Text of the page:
Litter teams prepare to transport patients with simulated injuries to a helicopter for evacuation, during a subject matter expert exchange between the US Navy Medical Engagement Team and Peruvian military medical personnel Oct. 21, 2019. US Navy photo by Spc. Austin Carrillo.
Veterans with medical training could help alleviate staffing shortages in Wisconsin hospitals if a new bill passes the state legislature.
The proposed bill would allow those who recently served as Army medics, Navy or Coast Guard corpsmen, or Air Force medical technicians to provide limited health care without a license while under the supervision of a certified medical professional. The veterans would need to be pursuing civilian licenses to be eligible.
The bill, introduced earlier this month, addresses a problem common to many states: a shortage of qualified hospital personnel under increasing coronavirus infections. Wisconsin had 1,432 patients hospitalized with COVID-19 on Monday, Nov. 29 — a record for the state in 2021. Meanwhile, the federal government is sending extra medical teams to neighboring Michigan to alleviate staffing shortages there.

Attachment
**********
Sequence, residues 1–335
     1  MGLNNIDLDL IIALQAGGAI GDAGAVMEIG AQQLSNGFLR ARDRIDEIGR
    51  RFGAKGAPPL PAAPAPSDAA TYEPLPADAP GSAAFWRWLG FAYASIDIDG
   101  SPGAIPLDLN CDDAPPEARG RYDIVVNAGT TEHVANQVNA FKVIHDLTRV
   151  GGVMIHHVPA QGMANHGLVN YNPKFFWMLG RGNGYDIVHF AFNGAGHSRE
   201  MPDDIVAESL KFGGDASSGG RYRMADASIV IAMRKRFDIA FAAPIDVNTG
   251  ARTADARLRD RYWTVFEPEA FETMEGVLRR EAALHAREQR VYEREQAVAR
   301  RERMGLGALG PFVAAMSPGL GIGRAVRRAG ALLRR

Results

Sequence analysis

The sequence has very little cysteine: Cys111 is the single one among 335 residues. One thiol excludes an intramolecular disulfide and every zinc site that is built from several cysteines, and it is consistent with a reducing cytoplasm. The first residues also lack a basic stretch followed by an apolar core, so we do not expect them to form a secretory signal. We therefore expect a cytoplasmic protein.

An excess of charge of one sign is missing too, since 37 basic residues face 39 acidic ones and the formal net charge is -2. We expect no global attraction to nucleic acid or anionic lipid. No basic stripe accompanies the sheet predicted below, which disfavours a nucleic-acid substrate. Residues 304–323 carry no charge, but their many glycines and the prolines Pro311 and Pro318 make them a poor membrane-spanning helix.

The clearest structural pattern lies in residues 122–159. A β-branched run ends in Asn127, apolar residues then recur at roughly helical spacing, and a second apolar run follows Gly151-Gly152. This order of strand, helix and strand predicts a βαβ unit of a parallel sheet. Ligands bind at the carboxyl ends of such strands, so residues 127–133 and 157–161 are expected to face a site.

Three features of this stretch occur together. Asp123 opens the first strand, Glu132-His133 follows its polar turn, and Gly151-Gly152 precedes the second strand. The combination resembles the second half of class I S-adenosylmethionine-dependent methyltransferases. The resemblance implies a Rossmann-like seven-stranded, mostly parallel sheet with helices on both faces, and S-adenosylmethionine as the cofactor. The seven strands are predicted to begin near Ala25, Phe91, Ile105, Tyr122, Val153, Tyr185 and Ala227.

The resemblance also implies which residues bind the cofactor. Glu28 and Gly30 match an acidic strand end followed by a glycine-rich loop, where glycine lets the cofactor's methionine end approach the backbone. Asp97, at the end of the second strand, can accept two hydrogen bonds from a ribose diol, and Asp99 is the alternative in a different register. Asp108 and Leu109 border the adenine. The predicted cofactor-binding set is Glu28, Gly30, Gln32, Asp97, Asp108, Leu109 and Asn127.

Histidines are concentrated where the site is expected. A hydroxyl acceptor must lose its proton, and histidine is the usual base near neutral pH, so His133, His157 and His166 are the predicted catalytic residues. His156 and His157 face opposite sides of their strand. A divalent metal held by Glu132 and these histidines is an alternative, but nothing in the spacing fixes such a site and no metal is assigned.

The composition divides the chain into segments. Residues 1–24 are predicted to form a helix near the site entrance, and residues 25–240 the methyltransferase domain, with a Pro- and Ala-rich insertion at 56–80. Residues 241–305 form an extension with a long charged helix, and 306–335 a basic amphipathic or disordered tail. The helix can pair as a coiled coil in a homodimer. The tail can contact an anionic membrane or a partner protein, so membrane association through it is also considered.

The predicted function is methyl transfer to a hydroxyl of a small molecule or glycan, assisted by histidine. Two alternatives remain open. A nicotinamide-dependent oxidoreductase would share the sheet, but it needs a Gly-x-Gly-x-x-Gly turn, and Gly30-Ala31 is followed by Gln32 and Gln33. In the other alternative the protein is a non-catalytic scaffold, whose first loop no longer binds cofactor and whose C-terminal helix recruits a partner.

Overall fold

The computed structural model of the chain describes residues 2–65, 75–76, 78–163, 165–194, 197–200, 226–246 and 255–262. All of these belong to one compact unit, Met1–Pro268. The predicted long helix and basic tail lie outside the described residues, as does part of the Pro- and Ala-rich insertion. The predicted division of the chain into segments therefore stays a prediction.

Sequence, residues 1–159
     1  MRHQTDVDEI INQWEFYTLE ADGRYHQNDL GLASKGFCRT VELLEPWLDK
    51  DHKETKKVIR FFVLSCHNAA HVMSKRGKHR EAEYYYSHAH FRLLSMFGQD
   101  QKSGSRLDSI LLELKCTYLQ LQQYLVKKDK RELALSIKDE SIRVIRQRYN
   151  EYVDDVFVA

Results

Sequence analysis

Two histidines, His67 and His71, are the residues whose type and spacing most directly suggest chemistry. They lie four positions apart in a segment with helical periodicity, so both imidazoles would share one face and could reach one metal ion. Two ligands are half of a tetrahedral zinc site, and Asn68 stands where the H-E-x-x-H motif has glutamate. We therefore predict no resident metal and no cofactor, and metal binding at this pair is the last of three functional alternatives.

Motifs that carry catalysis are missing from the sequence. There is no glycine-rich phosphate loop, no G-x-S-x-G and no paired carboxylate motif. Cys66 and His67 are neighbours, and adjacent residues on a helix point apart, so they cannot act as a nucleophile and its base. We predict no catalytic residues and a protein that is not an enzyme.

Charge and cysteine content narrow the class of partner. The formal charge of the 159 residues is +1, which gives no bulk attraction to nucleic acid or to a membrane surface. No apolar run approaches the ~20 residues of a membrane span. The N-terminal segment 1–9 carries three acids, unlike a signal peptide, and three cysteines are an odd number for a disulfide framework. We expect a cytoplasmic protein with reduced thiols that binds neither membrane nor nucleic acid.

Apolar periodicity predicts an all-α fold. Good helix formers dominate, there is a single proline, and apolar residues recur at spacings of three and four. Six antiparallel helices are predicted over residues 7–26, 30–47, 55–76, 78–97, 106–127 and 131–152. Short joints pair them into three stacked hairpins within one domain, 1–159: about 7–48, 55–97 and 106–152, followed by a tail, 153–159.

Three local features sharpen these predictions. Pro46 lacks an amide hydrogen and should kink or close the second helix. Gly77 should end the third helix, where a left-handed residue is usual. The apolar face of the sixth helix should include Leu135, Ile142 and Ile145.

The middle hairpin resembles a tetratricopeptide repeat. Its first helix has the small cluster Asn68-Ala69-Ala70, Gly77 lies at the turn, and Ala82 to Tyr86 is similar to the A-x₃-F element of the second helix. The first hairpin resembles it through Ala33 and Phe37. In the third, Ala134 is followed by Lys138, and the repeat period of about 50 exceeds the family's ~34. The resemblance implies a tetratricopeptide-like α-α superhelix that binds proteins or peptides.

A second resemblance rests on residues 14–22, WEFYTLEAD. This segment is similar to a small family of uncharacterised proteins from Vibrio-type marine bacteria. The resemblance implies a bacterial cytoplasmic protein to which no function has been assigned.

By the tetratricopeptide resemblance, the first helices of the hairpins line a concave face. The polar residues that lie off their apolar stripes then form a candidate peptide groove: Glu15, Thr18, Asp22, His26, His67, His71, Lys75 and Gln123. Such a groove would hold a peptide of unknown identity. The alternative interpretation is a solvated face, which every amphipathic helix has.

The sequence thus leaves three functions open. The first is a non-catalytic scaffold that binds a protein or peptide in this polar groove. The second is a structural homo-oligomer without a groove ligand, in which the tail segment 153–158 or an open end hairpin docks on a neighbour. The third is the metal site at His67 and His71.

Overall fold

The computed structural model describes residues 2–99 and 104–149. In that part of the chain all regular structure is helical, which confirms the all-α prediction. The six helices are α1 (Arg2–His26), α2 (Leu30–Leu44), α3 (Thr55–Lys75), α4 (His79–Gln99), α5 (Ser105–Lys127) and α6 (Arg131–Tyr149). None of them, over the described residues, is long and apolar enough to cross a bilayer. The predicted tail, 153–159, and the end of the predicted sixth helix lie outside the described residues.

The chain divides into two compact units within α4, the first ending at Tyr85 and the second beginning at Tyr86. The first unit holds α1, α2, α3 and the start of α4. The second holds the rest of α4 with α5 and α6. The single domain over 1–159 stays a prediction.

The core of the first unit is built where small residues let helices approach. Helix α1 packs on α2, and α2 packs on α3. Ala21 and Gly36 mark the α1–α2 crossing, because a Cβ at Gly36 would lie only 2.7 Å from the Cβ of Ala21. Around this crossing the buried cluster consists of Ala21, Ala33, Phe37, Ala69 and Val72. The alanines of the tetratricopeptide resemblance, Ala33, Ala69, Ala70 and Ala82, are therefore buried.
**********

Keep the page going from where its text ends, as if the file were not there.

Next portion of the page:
The nonprofit Heroes for Healthcare, which helps veterans find jobs in the medical industry, supports the legislation.
“What (the bill) does is free up a group of people that taxpayers and our communities have already invested in,” Heroes for Healthcare president Laura Hanoski told Wisconsin Public Radio. “And (these vets) can come back and be vital individuals in our communities, helping during this time of need.”
Under the proposed Wisconsin bill, military medical personnel would sign memorandums of understanding outlining the scope of their practices. They would also establish timelines with their employers to acquire licenses from the Medical Examining Board, the Podiatry Affiliated Credentialing Board, the Physician Assistant Affiliated Credentialing Board, or the Board of Nursing. While working in a hospital, a veteran would need to be under the direct supervision of a physician, physician assistant, registered professional nurse, or advanced practice nurse prescriber.
Medical personnel, especially nurses, are in high demand nationwide. A survey of hospitals that accounted for 85% of the hospital beds in Washington state found more than 6,000 vacant nursing positions and no immediate way to fill them, KOIN 6 News reported. According to the survey, nurses cited stress, burnout, vaccine mandates, higher-paying opportunities, and relocation for a spouse’s job as reasons for leaving.
Emergency rooms from coast to coast have temporarily closed because of the shortages.
Hannah Ray Lambert is a former staff writer for Coffee or Die who previously covered everything from murder trials to high school trap shooting teams. She spent several months getting tear gassed during the 2020-2021 civil unrest in Portland, Oregon. When she’s not working, Hannah enjoys hiking, reading, and talking about authors and books on her podcast Between Lewis and Lovecraft.
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